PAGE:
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How To Drive Into Accidents...and How Not To by Robert Pease

1998 (reissue ed.); 472 pp. $18.95. Pease Publishing.

Robert Pease looks like a madman and may be a genius. He carries his papers in a cardboard box. He laughs frequently; sometimes the proximate cause of his laughter is unclear. He shakes hands by way of expressing agreement. He raises his eyebrows to express astonishment and pulls little tufts of his hair straight up.

He has an Old Testament beard. He is an honored employee of National Semiconductor, for which he "invents circuits and designs ideas.'' They send him around the world. His conversation leaps from the cemeteries of Buenos Aires to the problems of home electrical wiring.

His expertise in the latter is unquestioned: he is the distinguished author of Trouble-shooting Analog Circuits (Butterworth-Heinemann, 1993), now in print nine years with 30,000 copies sold. In the old phrase: For the people who like that kind of thing, this is the kind of thing they'd like.

He's also the author of How to Drive Into Accidents. He sent me the book many months ago; I loved it. It is opinionated, repetitious, smart, provocative, loony, pedantic, and useful. It is probably the only automotive book with a cover blurb by Otto von Bismarck: "Fools you are...who say you like to learn from your mistakes...I prefer to learn from the mistakes of others, and avoid the cost of my own.''

I asked Pease about his mistakes. "Oh my! Oh my! Chapter 16! I have driven into trees. I have driven into trucks. If people read my book, they will not be as stupid as me. That is my guarantee.'' He crosses his heart, literally. Then he claps his hands above his head.

It's like talking to Moses during his tenure as a yell leader.

The prose of How to Drive into Accidents has a definite home-hobbyist feel. It has illustrations by the author. It has anecdotes. It has many, many opinions, some more conventional than others. It's all about driving, not a heavily covered topic in literature outside DMV manuals.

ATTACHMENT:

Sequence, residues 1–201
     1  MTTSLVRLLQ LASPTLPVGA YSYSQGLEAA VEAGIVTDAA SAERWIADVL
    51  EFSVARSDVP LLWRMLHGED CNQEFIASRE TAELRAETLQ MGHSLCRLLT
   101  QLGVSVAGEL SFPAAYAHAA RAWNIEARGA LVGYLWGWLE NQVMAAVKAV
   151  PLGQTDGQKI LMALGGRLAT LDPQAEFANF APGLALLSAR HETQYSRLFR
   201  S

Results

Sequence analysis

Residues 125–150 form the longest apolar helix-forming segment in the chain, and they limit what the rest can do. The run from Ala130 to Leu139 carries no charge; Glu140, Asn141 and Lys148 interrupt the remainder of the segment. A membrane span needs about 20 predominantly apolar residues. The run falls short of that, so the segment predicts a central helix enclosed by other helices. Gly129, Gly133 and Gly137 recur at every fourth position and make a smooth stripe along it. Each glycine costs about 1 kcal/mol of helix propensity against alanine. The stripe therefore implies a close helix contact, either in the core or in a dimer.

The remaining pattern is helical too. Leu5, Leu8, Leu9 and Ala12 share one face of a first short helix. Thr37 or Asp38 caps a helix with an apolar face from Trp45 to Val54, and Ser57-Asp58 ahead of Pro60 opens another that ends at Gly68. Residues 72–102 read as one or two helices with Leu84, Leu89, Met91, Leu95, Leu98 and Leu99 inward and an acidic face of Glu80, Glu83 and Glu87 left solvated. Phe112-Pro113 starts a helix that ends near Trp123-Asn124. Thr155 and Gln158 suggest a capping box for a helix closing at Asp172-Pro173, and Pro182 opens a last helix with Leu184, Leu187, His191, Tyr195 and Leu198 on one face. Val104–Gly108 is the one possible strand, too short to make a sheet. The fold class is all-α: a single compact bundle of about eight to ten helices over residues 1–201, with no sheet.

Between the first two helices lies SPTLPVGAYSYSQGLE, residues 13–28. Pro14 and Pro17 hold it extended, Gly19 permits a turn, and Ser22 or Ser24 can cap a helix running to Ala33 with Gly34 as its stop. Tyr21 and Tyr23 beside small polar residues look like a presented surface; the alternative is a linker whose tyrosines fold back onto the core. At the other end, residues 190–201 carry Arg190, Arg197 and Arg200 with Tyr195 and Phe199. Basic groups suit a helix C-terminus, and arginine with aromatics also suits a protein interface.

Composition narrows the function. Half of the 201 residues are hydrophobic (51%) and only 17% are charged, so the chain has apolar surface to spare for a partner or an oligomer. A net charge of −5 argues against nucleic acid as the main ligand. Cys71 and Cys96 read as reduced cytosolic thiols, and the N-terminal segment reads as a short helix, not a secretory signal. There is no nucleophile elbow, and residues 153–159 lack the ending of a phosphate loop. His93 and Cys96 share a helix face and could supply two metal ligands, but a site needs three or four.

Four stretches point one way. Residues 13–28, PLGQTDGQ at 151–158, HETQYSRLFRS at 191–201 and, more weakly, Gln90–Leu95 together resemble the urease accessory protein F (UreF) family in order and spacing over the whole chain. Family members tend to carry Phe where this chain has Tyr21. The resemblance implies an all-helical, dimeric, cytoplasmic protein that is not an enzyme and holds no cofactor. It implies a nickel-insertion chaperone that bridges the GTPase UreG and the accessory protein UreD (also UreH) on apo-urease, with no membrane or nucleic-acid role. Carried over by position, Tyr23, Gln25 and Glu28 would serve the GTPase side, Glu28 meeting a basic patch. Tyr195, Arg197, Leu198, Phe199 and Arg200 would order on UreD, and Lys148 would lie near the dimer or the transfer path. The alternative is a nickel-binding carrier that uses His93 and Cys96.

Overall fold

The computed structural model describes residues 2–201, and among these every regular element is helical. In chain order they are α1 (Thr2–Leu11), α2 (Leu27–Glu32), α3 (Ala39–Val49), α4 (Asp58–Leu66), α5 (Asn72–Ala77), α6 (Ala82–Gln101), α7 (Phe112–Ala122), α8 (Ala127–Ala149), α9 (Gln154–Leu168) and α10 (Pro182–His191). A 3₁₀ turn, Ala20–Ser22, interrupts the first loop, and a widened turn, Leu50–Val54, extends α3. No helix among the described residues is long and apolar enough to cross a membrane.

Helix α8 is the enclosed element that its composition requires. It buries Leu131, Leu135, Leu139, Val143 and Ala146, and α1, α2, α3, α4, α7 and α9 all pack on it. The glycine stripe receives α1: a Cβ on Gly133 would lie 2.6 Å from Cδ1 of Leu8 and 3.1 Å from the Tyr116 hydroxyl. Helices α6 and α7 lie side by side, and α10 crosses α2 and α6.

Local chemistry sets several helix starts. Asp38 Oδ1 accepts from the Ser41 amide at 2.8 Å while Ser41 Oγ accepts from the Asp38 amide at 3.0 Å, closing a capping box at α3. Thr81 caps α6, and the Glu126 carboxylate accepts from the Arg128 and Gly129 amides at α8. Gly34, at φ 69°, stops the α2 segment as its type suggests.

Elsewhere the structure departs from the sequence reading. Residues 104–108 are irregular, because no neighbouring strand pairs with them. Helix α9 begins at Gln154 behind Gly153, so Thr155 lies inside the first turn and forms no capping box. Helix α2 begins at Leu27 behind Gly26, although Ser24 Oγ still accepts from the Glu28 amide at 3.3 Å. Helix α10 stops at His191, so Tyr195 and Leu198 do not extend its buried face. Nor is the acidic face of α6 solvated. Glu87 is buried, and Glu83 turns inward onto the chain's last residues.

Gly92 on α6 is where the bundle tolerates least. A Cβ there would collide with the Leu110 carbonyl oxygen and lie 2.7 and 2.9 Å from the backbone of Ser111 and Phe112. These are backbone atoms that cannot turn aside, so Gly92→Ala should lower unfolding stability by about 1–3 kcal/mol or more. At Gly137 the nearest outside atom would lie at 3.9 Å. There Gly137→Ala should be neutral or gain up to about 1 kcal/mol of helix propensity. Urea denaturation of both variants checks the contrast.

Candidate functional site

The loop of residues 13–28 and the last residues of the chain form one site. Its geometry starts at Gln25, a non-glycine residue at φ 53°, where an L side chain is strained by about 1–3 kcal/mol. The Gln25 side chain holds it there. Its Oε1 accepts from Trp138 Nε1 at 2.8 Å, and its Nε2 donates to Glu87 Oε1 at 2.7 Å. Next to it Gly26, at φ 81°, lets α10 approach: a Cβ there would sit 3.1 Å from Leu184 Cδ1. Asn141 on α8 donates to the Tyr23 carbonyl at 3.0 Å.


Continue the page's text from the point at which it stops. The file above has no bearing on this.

I wanted to write about the book when I first got it, but it turned out that it was really not available anywhere. It was self-published and essentially undistributed, except for the free copies to press people.

I was the only press person who even responded; discouraging for the author. But...Pease holds up a copy of The Self-Publishing Manual by Dan Poynter (Para Publishing, 2000). "This is the book,'' he said, unaware of the duty of the author to hold up his own book when he says that. "Poynter knows more than everyone else put together.''

He got Baker and Taylor, a national distributor, to handle the book. He got support from the folks at Green Apple. He persuaded Amazon to list the book, an enviable coup. He is less impressed with the Books in Print people, who declined to list him, even though his book was clearly in print and for sale.

"I have sent them a strongly worded note. You have to wonder whom they are protecting." The way he says it, you do begin to wonder. The Trilateral Commission? The House of Hanover? The Mongolian Hegemony?

The full Pease experience is available at The book itself may even help you drive more safely, which is sort of the point. Unless the point is Pease himself, who flourishes in defiance of convention and has a swell time doing it.

"There are several roads in San Francisco that are fun to drive. Gough St. has synchronized lights, and it's fun to try to keep moving despite slow traffic. Some city "parkways" are kinky roads, quite challenging. One friend recommended Titus Street in San Diego, as it is essentially a paved cliff. "It was always a thrill to drive over the edge, given that you could see nothing below as you went over. Local authorities decided that teenagers were having too much fun there, so they put a Stop sign just before the edge. However, people continued to crash and burn rather often, so they finally added a telephone booth at the bottom of the hill, so local residents would not be required to call tow trucks or ambulances."

"It is not SPEED that kills, but SPEED DIFFERENCE. If most of the drivers are doing 63 mph on a 55 mph road, and one guy is poking along at 41, the wise policeman will not stop the guys at 63, but will stop the guy doing 41 and ask him why. He will try to get that slow driver out of there?put him on the Old Road, or demand that he get his engine fixed, if it will not go any faster, or lock him up if he is drunk. But the guy doing 41 is the real danger to safe driving, because other people are not expecting to have to pass such a slow driver. (If you ever drive a slow car, or a heavy truck, you know that there are some high-speed highways where you cannot pick up speed?such as on upgrades. If you ever have to drive slower than 45 mph on a high-speed road, turn on your 4-way flasher signals, so people will be cautioned that they will have to pass you).


ISBN: 0965564819

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